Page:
(665g) Viscous Solvents Enable a Model Prebiotic Nucleic Acid Replication Cycle

Grover, M., Georgia Tech
Hud, N., Georgia Institute of Technology
Increased control of molecular self-assembly is important for the further development of nucleic acid-based technologies. While nucleic acid technology research has been carried out almost exclusively in aqueous buffer, alternative solvents could increase our ability to direct nucleic acid assembly. Deep eutectic solvents (DES), closely related to ionic liquids, are characterized by significantly lower melting points than their separate components. Recently, DES have been shown to preserve nucleic acid base pairing and duplex formation, offering a relatively unexplored medium for directing nucleic acid assembly.

In this work, we show that DES provide a highly effective means for tuning nucleic acid thermodynamics and kinetics. The power of alternative solvents to alter a nucleic acid assembly pathway is illustrated by our ability to circumvent the â??strand inhibition problemâ? by thermally cycling nucleic acids in a DES. Strand inhibition describes the propensity of a long nucleic acid polymer to form a duplex with its complementary strand rather than to serve as a template for assembly of oligonucleotides. This longstanding problem in the field of prebiotic chemistry has limited demonstration of a prebiotic nucleic acid replication mechanism.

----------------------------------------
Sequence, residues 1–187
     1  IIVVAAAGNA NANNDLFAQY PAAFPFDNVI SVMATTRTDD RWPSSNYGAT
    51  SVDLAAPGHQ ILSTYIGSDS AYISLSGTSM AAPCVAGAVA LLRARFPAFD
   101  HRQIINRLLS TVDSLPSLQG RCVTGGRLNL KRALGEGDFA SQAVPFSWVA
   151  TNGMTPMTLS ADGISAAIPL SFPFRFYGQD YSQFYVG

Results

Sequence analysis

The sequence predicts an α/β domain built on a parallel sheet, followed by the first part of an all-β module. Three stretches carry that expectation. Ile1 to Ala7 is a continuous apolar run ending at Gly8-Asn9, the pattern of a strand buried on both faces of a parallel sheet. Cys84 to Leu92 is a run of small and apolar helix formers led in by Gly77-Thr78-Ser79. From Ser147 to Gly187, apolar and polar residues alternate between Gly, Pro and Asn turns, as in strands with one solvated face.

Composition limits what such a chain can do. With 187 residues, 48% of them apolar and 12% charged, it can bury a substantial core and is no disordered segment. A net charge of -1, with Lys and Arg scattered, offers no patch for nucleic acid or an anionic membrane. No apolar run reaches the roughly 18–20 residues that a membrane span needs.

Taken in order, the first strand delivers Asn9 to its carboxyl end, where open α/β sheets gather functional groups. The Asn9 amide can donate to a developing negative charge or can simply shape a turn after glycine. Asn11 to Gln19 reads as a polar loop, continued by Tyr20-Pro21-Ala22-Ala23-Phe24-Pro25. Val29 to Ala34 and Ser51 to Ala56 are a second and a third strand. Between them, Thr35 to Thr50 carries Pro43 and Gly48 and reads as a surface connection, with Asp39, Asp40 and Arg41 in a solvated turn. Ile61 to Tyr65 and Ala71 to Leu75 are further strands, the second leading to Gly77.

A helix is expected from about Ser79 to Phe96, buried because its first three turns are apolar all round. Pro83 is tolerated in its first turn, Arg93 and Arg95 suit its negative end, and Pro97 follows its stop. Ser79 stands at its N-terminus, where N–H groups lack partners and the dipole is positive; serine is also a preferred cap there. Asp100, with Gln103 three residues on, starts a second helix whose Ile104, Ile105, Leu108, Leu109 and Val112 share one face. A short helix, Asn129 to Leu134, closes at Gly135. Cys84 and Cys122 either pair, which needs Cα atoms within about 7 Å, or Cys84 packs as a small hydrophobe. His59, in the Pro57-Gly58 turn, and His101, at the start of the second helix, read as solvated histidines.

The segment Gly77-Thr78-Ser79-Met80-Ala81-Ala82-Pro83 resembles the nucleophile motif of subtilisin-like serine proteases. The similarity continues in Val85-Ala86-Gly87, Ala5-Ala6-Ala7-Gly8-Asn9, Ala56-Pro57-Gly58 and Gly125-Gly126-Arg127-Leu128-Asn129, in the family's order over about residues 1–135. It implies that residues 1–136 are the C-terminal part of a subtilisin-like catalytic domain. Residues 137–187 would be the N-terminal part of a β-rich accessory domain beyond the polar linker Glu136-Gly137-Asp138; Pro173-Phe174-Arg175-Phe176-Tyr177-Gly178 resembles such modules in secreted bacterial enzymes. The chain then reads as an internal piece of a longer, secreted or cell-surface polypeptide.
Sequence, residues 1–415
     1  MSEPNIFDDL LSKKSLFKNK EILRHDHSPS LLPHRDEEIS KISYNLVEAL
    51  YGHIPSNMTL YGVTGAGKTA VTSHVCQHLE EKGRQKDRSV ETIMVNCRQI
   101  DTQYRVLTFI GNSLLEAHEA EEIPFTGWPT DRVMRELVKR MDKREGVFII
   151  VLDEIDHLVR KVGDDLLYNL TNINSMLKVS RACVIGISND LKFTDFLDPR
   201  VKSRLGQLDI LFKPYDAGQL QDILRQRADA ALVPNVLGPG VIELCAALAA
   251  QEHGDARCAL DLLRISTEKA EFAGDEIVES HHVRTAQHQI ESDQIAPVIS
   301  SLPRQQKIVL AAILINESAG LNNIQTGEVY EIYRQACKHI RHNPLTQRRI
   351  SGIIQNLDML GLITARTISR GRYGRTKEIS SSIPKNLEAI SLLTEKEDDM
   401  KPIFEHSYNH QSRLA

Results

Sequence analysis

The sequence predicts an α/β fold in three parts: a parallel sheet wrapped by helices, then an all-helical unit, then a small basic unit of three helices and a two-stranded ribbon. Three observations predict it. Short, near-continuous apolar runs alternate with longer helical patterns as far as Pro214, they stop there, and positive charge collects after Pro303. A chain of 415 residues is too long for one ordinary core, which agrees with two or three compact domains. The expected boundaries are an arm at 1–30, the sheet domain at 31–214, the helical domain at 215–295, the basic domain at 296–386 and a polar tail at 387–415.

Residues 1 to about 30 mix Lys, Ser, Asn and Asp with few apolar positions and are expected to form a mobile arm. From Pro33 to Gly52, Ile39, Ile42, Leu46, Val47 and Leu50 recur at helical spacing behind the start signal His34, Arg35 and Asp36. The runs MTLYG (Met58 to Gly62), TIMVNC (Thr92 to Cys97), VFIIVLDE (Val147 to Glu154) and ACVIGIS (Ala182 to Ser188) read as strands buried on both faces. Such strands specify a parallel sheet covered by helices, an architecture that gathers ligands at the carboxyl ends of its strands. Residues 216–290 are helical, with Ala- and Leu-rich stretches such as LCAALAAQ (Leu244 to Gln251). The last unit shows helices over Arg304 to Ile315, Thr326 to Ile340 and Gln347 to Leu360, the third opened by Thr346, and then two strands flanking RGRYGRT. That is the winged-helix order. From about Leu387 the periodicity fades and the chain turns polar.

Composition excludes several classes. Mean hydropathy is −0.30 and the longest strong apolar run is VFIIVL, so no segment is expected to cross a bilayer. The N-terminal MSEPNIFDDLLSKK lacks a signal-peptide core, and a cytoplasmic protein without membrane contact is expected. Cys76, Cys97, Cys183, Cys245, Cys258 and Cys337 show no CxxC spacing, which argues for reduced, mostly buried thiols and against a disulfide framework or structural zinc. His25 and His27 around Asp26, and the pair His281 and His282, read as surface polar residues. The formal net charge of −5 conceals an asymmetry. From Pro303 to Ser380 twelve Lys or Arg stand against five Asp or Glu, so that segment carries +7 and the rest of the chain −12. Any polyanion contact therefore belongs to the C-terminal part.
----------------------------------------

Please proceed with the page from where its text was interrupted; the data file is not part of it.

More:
We address the problem of nucleic acid strand inhibition by employing highly viscous solvents to control the annealing rates of long templates and shorter oligonucleotides. In a viscous environment, nucleic acid mobility is slowed in a length-dependent manner, so that long nucleic acid polymers (such as template and copy strands) are kinetically trapped. Meanwhile, short oligonucleotides can diffuse quickly and bind to their complementary targets on the templates. Template duplex formation is further slowed by the formation of intramolecular secondary structure on the template single strands. Based on these thermodynamic and kinetic effects, we show that thermal cycling in a viscous environment can be used to copy a gene-length region (over 300 nucleotides) of a longer mixed sequence template, using both DNA and RNA systems.


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